Do the small things in life: that’s all most of us can do and have done, throughout the centuries. And we are the true heroes, certainly of intra-history, you and I, and people like us, because we have worked all our lives at our daily tasks, we have brought up our children, we have made the small, micro-world which we inhabit into a better place. Intra-history is dedicated to the house-wives and the house-husbands, heroes all, who have done those small things in life, walked the dogs, fed the chickens, milked the cows, gone out to work, day after day, to put food on the table, delivered and brought up the children, looked after the sick, assisted the dying on their departure from this world, buried them, and given them peace. Heroes all, especially in these times of troubles, I salute you. 
Nurses, health care workers, pharmacists, ambulance drivers, supermarket workers who allow us to bring the food to the table, care-givers, cleaners, garbage men, street-workers, heroes all, I salute you. It is time the ‘little people’ reclaimed their world and took it back for the REAL people, the real heroes.
So, my heroes, be brave, battle on, and accept this floral tribute.
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Bleeding Heart

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Bleeding Heart

White moths
wing their snowstorm,
pale stars through the night.

A candle flickers in the darkness.
Hands reach out to grasp me.
A feathered shadow flies
frail fingers across my face.

Butterflies
stutter their eye-lash kisses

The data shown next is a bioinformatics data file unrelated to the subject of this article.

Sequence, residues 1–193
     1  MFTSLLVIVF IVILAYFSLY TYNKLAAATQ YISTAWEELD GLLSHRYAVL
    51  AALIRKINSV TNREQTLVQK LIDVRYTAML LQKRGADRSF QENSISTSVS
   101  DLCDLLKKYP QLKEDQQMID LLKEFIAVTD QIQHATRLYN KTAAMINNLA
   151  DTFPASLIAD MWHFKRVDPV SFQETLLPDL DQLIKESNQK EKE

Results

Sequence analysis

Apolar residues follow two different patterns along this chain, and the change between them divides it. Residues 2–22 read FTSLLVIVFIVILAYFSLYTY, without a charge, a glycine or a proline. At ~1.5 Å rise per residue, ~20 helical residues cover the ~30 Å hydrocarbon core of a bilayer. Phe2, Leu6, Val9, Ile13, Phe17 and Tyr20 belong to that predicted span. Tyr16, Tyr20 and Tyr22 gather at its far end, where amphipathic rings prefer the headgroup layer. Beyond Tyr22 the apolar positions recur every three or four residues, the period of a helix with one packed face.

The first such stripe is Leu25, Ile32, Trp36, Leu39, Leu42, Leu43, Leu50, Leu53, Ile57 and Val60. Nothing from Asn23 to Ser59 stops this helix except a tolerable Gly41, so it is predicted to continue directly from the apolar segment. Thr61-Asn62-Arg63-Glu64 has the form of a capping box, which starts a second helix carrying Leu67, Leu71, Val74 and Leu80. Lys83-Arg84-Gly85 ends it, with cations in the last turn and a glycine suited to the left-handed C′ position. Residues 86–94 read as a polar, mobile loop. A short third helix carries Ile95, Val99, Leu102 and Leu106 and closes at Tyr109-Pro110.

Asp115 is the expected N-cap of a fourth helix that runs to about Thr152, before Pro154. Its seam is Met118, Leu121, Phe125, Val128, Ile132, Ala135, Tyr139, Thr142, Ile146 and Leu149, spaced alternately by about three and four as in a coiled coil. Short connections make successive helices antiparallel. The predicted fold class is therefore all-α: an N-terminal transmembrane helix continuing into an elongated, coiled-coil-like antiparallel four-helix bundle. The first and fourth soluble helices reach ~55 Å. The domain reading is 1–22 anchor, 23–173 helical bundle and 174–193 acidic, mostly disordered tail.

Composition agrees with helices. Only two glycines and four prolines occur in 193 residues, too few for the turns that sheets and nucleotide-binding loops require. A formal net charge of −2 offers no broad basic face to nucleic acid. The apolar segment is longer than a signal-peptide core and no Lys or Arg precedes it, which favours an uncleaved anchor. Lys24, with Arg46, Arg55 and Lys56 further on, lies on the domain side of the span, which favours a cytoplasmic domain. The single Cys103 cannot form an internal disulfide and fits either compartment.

against closed cheeks.

Awake,
I lie anchored by what pale visions
fluttering on the horizon?

Eye of the peacock,
can you touch what I see
when my eyelids close?

Black rock of the midnight sun,
blocking this day’s dark cave,
when will I be released
from my daily bondage?

Last night, the planet
quivered beneath my body
as I felt each footfall of a transient god
who mapped in runes
the ruins of my bleeding heart.

 

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Comment: Another Golden Oldie, also dug out from the rejection / dejection of striations. I tinkered with it this morning. Funny what a shift in structure and a twitching of the metaphors will do. New lamps for old: indeed, and why not? We are not just writers, we are re-writers and some thoughts can be reworked to rise again in the shadows of the adopted children that are our poems. This bleeding heart plant vanished a couple of years ago. We dug up the flowerbed, inserted a rockery, and watched and waited. After two years, the bleeding heart plant resurrected itself from within the stones. Survival, renewal, faith, hope: key words nowadays. Who locked that plant down? Who let it rise up again? When we have gone, how will our gardens get on without us? Very well, in all probability, but they may be more of a tangled garden than a cultivated one. And what’s wrong with a tangled garden? Why, nothing at all, my friends, absolutely nothing at all.